As highlighted previously, depending on your specific circumstances it may be a good idea to buy your own home in Japan rather than rent. The primary factors involved in the decision making process usually focus around how many years you plan on living in the same place. A secondary factor may be, for example, if your employer is paying your rent and deducting it from your annual taxable income. That being said, typically it still is a family decision whether or not to purchase a home. Once you have made the decision that it is worth pursuing, it is unfortunately not yet time to go shopping for your dream home. First you will need to speak to a number of banks to learn if being approved for financing is even possible, and at what terms.
Loans For Foreign People In Japan
For foreigners asking themselves “how do I get a mortgage in Japan?”, the good news is that it is in fact getting easier. In the past, it was practically impossible to receive financing unless you happened to be married to a Japanese national; and this often just meant that the Japanese spouse was approved for the loan and not you. Also, if you were not textbook fluent and able to read and write kanji, including the complex technical kanji involved in loan and real estate terms and conditions, it could have proved to be impossible.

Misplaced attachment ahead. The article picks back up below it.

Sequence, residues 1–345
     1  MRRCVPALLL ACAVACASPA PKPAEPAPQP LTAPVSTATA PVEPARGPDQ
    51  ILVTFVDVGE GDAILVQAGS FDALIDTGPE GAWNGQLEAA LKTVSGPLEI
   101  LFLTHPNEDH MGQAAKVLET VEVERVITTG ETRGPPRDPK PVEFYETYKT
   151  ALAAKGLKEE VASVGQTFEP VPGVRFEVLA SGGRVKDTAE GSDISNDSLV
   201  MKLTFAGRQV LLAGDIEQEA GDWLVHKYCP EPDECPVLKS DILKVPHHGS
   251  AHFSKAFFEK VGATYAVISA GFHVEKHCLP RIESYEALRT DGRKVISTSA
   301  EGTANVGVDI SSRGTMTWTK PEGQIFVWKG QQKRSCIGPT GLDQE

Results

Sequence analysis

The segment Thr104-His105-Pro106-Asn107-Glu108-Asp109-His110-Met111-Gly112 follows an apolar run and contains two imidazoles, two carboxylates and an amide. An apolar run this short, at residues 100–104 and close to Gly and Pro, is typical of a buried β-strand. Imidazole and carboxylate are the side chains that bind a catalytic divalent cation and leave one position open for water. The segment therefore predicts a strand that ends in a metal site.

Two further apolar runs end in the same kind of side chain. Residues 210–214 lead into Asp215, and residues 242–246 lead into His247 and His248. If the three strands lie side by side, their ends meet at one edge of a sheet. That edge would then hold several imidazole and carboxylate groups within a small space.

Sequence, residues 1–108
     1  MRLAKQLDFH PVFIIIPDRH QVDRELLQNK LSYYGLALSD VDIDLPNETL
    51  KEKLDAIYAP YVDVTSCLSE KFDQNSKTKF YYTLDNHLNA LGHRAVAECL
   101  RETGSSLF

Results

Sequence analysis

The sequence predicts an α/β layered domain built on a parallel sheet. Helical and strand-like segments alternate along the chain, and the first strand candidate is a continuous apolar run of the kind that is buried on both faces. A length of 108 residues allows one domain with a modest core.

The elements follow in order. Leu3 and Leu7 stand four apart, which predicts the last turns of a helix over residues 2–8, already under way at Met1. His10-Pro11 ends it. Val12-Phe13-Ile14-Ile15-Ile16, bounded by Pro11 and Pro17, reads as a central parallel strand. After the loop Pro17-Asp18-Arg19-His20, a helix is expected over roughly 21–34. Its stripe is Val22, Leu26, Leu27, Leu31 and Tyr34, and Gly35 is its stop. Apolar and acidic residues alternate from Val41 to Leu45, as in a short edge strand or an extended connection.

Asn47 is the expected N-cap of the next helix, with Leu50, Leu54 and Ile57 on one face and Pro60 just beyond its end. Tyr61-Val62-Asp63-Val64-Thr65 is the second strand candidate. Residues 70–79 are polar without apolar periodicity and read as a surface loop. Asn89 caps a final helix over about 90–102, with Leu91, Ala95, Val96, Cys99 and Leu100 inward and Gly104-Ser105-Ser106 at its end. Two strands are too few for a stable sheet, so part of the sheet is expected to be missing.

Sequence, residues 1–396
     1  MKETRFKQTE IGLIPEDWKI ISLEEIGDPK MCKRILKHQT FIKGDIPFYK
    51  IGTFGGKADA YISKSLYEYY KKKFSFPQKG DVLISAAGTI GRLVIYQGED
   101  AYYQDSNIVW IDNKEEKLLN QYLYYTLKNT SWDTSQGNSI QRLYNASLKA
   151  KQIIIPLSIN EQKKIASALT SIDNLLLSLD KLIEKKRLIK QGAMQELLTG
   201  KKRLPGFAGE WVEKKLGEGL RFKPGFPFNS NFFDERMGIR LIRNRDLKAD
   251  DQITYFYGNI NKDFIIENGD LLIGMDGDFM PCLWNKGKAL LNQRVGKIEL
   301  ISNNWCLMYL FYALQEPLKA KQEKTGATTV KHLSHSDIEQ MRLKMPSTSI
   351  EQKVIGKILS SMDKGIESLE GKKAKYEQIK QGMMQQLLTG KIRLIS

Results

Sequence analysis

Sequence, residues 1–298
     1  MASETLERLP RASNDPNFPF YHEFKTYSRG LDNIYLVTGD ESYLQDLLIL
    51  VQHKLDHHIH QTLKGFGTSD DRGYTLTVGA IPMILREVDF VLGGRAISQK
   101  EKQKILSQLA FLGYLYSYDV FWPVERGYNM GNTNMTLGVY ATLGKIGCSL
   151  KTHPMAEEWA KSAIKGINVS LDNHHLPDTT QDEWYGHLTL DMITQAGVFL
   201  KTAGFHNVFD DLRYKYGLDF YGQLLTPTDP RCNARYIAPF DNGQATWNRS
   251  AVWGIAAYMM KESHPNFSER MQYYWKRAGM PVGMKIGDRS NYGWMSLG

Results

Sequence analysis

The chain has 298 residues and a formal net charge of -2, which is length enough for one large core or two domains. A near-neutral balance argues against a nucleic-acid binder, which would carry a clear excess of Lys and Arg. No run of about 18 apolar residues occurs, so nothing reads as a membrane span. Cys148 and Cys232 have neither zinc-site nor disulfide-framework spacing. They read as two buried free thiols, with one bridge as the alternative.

However, in recent years, banks have started to become more amicable with regards to loaning money to foreigners looking to purchase a home in Japan. Though this does not mean that just anyone can walk in off the street with their hanko (personal identification seal, and legal signature in Japan) and walk out with a mortgage. The vast majority of banks still will not entertain the notion of lending you money unless you have your eijuken or Permanent Resident (PR) status, or at least can prove you have applied for your PR. There are one or two banks that may be willing to review a non-Permanent Resident’s case if the applicant can evidence strong earnings potential and sufficient existing assets to provide security. This person would also likely be required to make a sizable down payment, possibly necessitating they transfer money into Japan, as well as pay above-market interest rates on the loan. If you prefer to avoid those barriers, your first step in receiving a mortgage with competitive rates to buy a home here in Japan should be to work towards earning your PR.